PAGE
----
Three Local Icons

When I started writing this piece, I realized someone was missing and had to be included. That someone was Sir Tyrone Guthrie. I doubt anyone would disagree that Sir Tyrone Guthrie has done more for local theater than anyone else, ever.

Without this tall, insightful Irishman, the Twin Cities wouldn’t be home to his namesake theatre. When the venue opened on Vineland Place in 1963, a popular theater couple were among the acting company: Jessica Tandy and Hume Cronyn.

Sir Tony

Tyrone Guthrie (1900-1971) was born in Tunbridge Wells. After earning a History degree at Oxford, Guthrie developed his career in theater and radio. In the 1930s, he introduced London audiences to Pirandello’s Six Characters in Search of an Author and served as director of the Shakespeare Repertory Company. He staged opera productions of Bizet’s Carmen in England and New York.

On Broadway, he directed revivals of He Who Gets Slapped, Oedipus Rex, Troilus and Cressida, and Mary Stuart. Ruth Gordon starred in his original production of The Matchmaker, and he staged the original production of Candide.

In the early 1950s, Guthrie was invited to help establish the Stratford Shakespeare Festival in Ontario, Canada. Joined by designer Tanya Moiseiwitsch, the original tent theater opened with Alec Guinness and Irene Worth doing Richard III. Over the years, the Shakespeare Festival has grown to four indoor theaters: the Avon, The Festival, The Studio and the Tom Patterson, all along the Avon River, surrounded by an idyllic landscape. Guthrie was knighted in 1961.

Minnesota Theater Company

After three years, Guthrie left to pursue other projects including staging several Gilbert and Sullivan productions. However, in 1959, it was decided to establish a similar theater in the United States. A New York Times article invited cities to bid for the theater and Minneapolis was chosen. Guthrie’s full-length production of Hamlet featuring George Grizzard (fresh from the original Broadway production of Who’s Afraid of Virginia Woolf?) opened on May 7th 1963. The repertory also included Death of a Salesman, The Miser and Three Sisters. Guthrie remained with the theater for three years and in 1969 brought his productions of The House of Atreus and Brecht’s The Resistable Rise of Arturo Ui to New York.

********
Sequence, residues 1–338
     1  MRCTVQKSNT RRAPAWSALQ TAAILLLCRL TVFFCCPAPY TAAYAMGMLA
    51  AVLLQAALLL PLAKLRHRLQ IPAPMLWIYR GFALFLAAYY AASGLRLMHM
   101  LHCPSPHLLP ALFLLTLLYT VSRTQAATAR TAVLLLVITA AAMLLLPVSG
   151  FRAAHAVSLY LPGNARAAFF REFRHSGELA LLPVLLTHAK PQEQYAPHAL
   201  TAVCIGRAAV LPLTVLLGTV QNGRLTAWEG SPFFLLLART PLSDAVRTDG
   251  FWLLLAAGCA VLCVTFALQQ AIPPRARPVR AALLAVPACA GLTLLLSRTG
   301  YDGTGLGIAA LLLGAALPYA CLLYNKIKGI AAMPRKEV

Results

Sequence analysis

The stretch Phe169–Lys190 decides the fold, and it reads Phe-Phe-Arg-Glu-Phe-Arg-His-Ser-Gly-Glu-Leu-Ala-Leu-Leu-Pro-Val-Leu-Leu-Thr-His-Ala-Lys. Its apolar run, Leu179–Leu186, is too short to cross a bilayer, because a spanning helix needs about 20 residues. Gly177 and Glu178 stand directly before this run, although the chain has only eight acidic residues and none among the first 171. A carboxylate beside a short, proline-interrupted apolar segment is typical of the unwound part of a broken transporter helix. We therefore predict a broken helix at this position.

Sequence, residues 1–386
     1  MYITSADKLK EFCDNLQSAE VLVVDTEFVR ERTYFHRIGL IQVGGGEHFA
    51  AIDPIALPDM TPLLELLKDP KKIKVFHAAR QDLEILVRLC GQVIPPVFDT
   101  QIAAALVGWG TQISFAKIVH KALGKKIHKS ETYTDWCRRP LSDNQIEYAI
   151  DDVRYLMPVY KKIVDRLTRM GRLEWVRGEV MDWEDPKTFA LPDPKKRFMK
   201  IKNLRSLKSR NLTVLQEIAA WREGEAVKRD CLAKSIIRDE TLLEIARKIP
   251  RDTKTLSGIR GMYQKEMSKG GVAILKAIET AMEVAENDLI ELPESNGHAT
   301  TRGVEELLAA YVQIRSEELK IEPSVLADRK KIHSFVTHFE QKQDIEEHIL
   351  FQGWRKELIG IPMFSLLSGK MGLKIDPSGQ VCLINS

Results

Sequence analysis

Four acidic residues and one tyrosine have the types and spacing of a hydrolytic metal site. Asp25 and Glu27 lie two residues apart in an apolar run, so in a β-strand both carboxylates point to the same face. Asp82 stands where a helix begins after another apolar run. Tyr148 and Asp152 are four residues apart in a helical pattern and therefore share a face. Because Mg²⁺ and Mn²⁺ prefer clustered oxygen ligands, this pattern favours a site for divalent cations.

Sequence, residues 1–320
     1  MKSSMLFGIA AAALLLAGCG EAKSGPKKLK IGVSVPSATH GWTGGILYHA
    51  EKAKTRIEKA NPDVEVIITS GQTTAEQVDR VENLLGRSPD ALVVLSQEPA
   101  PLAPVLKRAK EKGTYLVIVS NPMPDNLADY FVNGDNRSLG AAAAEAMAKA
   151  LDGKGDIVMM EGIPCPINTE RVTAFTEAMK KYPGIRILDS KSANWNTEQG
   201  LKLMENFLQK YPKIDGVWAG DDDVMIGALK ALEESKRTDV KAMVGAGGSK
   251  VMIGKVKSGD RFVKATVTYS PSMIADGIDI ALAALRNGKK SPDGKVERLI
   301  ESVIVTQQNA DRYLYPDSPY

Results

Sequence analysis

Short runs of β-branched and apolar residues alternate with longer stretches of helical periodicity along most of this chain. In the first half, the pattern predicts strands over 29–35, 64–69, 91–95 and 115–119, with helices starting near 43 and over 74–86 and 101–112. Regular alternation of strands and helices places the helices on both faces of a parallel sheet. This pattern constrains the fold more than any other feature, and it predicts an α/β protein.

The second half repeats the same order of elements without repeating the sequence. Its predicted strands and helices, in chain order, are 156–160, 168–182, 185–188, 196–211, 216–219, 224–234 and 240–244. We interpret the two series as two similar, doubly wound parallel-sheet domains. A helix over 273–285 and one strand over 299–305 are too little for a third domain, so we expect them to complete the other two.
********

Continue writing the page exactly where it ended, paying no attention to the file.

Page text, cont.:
Hume and Jessie

While visiting Guthrie in Ontario as plans for the theater were going ahead, Jessica Tandy and Hume Cronyn told Guthrie, that if he ever did something like this again, they’d like to be considered. When the Minnesota Theater Company was created, Tandy and Cronyn were the first actors signed.

Canadian born, Hume Cronyn (1911-2003) wanted to be a lawyer – until he decided on a theatrical career. He studied with the great Austrian director Max Reinhardt, whose 1935 version of A Midsummer Night’s Dream introduced audiences to Olivia de Havilland (Gone with the Wind). He enrolled in New York’s American Academy of Dramatic Arts. Following a Broadway debut, he spent time in Hollywood where he appeared in two Hitchcock films: Shadow of a Doubt and Lifeboat. He also worked on the scripts for Rope and Under Capricorn.